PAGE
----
25 November 2008

CUHK Accomplishes the First Totally Implantable Hearing Aid in Asia



The Department of Otorhinolaryngology, Head and Neck Surgery of the Faculty of Medicine at The Chinese University of Hong Kong (CUHK) announces the first successful operations for totally implantable hearing aid in Asia. Three adults, aged from 35 to 56, with moderate to severe sensorineural or mixed deafness were successfully implanted from February to June 2008. These patients were benefited by experiencing more natural amplification, good cosmetic outcome and gratifying user experience.

The Fully Implantable Hearing Device represents a major step in the evolution of assistive hearing device development. It is a middle ear prosthesis designed to bypass the outer ear, eardrum and part of the ossicular chain. It makes direct contact with key middle ear structures, thereby allowing sound to be amplified more naturally by specifically enhancing the vibration of the ossicular chain thereby transmitting the amplified sound via a more direct route to the cochlear. As the device has no parts that are inserted into the ear canal, it leaves the ear canal completely open.

This technology is suitable for patients with moderate to severe hearing loss, including aural atresia, chronic suppurative otitis media, cholesteatoma, otosclerosis and sensorineural deafness. It is particularly useful when the result of traditional aiding is suboptimal. Some individuals who experience infections or chronic irritation of the ear canal who cannot wear conventional hearing aids can also benefit from the fully implantable hearing device. And being totally implanted, it offers excellent functional and cosmetic outcome, and patients can freely participate in outdoor and aquatic sports. However, the fully implantable hearing device is not recommended for those with profound hearing loss (above 90 dBHL), or patients who do not accept surgery as a therapy.

The middle ear implant consists of three parts: a capsule that houses the electronics, a microphone system, and a middle ear transducer. The electronic capsule contains a battery, magnet, sound processor, and connector for the transducer. It is implanted under the skin behind the ear. The surgery usually takes about two hours and requires general anesthesia. An audiologist will activate the device after the standard post-operative healing period of approximately six to eight weeks.

“We find the fully implantable hearing device offers a practical choice for hearing rehabilitation in a specific group of patients when traditional aiding fails. They can seek advice and assessment from ear, nose and throat specialists and audiologists,” said Professor Michael Tong, Head of Academic Divisions, Department of Otorhinolaryngology, Head and Neck Surgery, CUHK.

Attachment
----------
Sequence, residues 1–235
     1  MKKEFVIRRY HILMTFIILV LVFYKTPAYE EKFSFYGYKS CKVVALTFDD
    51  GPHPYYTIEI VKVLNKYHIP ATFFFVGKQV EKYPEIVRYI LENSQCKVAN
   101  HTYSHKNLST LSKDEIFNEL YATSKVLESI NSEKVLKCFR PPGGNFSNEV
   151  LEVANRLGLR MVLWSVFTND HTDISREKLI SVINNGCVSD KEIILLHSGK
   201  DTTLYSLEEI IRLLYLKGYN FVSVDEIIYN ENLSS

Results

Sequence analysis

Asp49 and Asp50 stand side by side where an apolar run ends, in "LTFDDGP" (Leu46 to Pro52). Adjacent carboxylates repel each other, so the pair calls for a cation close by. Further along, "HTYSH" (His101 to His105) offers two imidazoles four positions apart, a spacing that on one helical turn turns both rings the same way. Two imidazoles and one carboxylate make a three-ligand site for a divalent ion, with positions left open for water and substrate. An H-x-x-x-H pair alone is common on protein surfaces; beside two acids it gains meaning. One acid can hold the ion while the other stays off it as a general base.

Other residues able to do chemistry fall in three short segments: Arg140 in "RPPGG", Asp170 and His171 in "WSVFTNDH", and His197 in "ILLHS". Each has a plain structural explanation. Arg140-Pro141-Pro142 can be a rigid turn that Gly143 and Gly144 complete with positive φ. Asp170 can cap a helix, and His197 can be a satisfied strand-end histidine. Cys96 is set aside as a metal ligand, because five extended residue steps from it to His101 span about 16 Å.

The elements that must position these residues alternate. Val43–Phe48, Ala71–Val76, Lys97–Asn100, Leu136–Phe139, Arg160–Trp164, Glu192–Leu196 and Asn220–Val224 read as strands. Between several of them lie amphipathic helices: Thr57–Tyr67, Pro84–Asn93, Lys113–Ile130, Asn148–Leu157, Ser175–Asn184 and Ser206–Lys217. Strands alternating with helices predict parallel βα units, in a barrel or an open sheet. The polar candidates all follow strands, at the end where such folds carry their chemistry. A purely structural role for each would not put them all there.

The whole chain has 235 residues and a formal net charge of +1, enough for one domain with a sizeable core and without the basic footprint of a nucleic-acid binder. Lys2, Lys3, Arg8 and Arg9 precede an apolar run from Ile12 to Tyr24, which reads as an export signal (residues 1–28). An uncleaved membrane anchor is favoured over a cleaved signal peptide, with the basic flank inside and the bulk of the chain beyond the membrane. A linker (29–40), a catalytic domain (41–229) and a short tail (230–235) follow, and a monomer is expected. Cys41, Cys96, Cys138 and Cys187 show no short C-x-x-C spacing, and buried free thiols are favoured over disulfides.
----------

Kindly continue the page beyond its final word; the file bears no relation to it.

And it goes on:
In conclusion, patients are delighted with the device because people do not see that it is being worn and it does not restrict active lifestyles.

A lady shares her experience after a successful implantation operation. Sitting next to her is Professor Michael Tong, Head of Academic Divisions, Department of Otorhinolaryngology, Head and Neck Surgery, CUHK
A lady shares her experience after a successful implantation operation. Sitting next to her is Professor Michael Tong, Head of Academic Divisions, Department of Otorhinolaryngology, Head and Neck Surgery, CUHK

Professor Michael Tong, Head of Academic Divisions, Department of Otorhinolaryngology, Head and Neck Surgery, CUHK
Professor Michael Tong, Head of Academic Divisions, Department of Otorhinolaryngology, Head and Neck Surgery, CUHK

From left: Dr John Sung, Honorary Clinical Assistant Professor; Professor Michael Tong, Head of Academic Divisions; and Mr Terence Wong, Chief, Division of Audiology, and Adjunct Assistant Professor, Department of Otorhinolaryngology, Head and Neck Surgery, CUHK
From left: Dr John Sung, Honorary Clinical Assistant Professor; Professor Michael Tong, Head of Academic Divisions; and Mr Terence Wong, Chief, Division of Audiology, and Adjunct Assistant Professor, Department of Otorhinolaryngology, Head and Neck Surgery, CUHK

From left: Dr John Sung, Honorary Clinical Assistant Professor; Professor Michael Tong, Head of Academic Divisions; Professor Andrew Van Hasselt, Chairman; and Mr Terence Wong, Chief, Division of Audiology, and Adjunct Assistant Professor, Department of Otorhinolaryngology, Head and Neck Surgery, CUHK
From left: Dr John Sung, Honorary Clinical Assistant Professor; Professor Michael Tong, Head of Academic Divisions; Professor Andrew Van Hasselt, Chairman; and Mr Terence Wong, Chief, Division of Audiology, and Adjunct Assistant Professor, Department of Otorhinolaryngology, Head and Neck Surgery, CUHK